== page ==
Refugee Bonds’ Bangladesh Rohingya Crisis Bound

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By: admin

With almost half of Myanmar’s one million Muslim Rohingya population already pouring into next-door Bangladesh by land and sea to flee military and Buddhist civilian attacks, host government prime minister Sheikh Hasina and her ruling Awami League party have appealed to the international community for help in defraying the annual costs of the mass influx, estimated by a local economist at $800 million-$1 billion. The Rohingya have long fled their homes in Rakhine state, where they are denied citizenship, for South Asia including India and Pakistan as well as Indonesia, Malaysia and Thailand, and the refugees have both integrated into urban and rural cities and been isolated in separate camps and centers. Domestic budgets have largely absorbed the costs, and wealthier East Asia’s fiscal positions have left them in better shape to receive “boat people” waves not experienced since Indochina’s post war aftermath four decades ago, when global relief and resettlement agencies took joint publically-funded action. In the current crisis regional officials have no such mechanism for quick collective response but they could call on financial markets which have since developed, and conventional and Islamic-style sukuk bonds in particular promoted under the Asian Development Bank’s aegis, to promptly raise the billions of dollars needed in Bangladesh and elsewhere as specialized refugee instruments.

Bangladesh’s capital markets are “underdeveloped,” according to the IMF’s June Article IV report, and its external sovereign bond and stock market skidded with the displaced person arrival, from a 5% MSCI frontier index gain through August. No facilities or supplies were in place to accommodate hundreds of thousands of Rohingya amid the already poor physical and social infrastructure even though the country has graduated to lower middle-income status with per capita income at over $1500 now surpassing Pakistan’s, as touted in an Economist magazine article. Despite recent monsoon rains which again claimed hundreds of lives and vast crop land, GDP growth is projected again this fiscal year at 7% as textile exports and Gulf remittances regain double digit increases. In July and August they each were up 15% to almost $7 billion and $13 billion respectively, although garment prices dropped overall and the remittance number was skewed by the Eid holiday celebration. Private investment remains weak at under 25% of GDP, and a bill has been submitted to parliament to create a “one stop shop” to lift Bangladesh from the bottom of World Bank Doing Business ranking.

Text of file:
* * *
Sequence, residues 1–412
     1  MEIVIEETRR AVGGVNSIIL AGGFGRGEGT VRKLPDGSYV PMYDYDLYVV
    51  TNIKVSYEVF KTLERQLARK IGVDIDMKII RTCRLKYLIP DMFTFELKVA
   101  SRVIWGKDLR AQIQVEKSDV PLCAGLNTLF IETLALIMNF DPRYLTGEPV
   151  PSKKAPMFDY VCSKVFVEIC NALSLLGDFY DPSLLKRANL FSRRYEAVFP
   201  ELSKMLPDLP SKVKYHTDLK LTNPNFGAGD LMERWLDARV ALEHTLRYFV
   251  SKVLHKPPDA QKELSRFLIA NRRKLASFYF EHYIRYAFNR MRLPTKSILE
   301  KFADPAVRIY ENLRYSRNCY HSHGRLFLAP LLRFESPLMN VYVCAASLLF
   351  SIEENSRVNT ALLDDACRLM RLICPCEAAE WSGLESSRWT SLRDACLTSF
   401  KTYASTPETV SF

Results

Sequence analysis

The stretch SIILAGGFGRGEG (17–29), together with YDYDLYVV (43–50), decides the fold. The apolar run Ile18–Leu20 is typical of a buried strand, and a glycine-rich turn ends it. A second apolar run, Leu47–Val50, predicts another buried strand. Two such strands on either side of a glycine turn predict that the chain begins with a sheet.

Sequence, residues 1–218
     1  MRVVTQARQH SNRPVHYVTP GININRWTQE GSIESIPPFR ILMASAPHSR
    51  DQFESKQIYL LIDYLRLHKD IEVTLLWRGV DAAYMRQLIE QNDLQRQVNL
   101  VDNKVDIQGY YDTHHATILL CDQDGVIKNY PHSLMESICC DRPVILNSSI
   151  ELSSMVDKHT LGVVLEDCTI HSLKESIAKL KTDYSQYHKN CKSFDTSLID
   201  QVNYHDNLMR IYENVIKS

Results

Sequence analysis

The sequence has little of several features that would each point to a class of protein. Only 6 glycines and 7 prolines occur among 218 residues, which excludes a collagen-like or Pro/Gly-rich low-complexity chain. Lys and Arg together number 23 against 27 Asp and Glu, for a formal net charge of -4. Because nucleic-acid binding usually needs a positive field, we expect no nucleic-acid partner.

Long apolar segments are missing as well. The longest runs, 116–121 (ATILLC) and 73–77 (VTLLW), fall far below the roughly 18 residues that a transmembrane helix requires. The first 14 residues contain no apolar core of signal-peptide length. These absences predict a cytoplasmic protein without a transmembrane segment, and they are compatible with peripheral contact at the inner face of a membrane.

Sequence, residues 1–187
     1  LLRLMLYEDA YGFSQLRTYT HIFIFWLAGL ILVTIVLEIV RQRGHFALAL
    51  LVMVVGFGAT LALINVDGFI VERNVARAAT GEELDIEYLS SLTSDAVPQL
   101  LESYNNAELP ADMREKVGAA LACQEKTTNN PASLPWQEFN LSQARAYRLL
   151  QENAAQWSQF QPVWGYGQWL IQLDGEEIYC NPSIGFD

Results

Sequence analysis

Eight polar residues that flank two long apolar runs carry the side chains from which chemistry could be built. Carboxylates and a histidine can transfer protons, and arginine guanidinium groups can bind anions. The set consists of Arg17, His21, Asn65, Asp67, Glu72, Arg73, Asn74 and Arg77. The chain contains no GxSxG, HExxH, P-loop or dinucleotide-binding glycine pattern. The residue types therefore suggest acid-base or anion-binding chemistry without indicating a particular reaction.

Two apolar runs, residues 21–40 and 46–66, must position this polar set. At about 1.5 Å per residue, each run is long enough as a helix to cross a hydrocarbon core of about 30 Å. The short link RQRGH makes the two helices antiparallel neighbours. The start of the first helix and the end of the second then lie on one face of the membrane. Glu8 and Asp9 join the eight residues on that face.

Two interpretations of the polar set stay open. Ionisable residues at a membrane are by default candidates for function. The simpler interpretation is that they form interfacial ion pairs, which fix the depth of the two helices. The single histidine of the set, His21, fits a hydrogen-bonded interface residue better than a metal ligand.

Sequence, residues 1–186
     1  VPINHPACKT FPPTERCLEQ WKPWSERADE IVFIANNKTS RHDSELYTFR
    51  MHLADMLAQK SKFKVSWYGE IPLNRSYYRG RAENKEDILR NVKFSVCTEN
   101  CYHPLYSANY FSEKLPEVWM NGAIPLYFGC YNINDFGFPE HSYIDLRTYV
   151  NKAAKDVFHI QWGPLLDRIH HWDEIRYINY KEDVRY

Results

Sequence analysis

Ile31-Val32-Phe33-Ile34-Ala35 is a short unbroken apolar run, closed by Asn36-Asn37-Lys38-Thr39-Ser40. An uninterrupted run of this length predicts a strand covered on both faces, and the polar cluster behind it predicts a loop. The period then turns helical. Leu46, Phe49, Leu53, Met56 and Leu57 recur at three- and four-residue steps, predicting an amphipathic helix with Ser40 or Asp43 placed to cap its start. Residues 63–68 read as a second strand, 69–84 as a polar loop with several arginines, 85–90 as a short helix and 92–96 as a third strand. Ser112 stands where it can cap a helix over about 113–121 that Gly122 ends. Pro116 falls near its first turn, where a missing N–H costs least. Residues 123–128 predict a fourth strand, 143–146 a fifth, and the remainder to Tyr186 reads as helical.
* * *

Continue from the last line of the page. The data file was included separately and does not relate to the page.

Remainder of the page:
Inflation approaches the economic growth pace with higher food prices, but the central bank has kept the benchmark interest rate on hold. The budget deficit forecast is 5%, but a new value added tax has been introduced and public debt is stable at 40% of GDP. The current account is roughly in balance and international reserves over $30 billion cover nine months of imports, but a proposed sovereign wealth fund would initially take $2 billion from the pool. The exchange rate has softened slightly in nominal terms to above 80/dollar with selective official intervention, and the IMF urged more flexibility as a priority Article IV recommendation.

Banking sector problems, with a 25% bad loan ratio at state-owned units with one-quarter of system assets, are a major chokehold on broader financial market development. Capital adequacy is low at 6%, and it is still tied up in stock market investment after a crash five years ago prompted regulators to order reduced exposure. Government influence harms bank performance, and the Capital Market Master Plan adopted in the wake of the 2011 crash has a large unfinished agenda, including on mutual and pension fund and corporate bond launch, the IMF survey admonished.

Bangladesh may be limited in designing and supporting refugee bond issuance on its own, but could turn to the Asian Development Bank for credit enhancement and technical assistance and also team with neighbors like Malaysia in particular. It hosts a sizable Rohingya contingent and is the biggest sukuk center, accounting for over half the $60 billion total worldwide through the first half, and Prime Minister Najib Rezak raised the issue as a financial and security challenge during his White House visit last week. The Middle East with its Syrian displaced population has shown interest in such capital market innovation, but Asia with its decades of experience with bond promotion and greater depth could commission immediate pilot projects corresponding to Rohingya crisis urgency.

 

 

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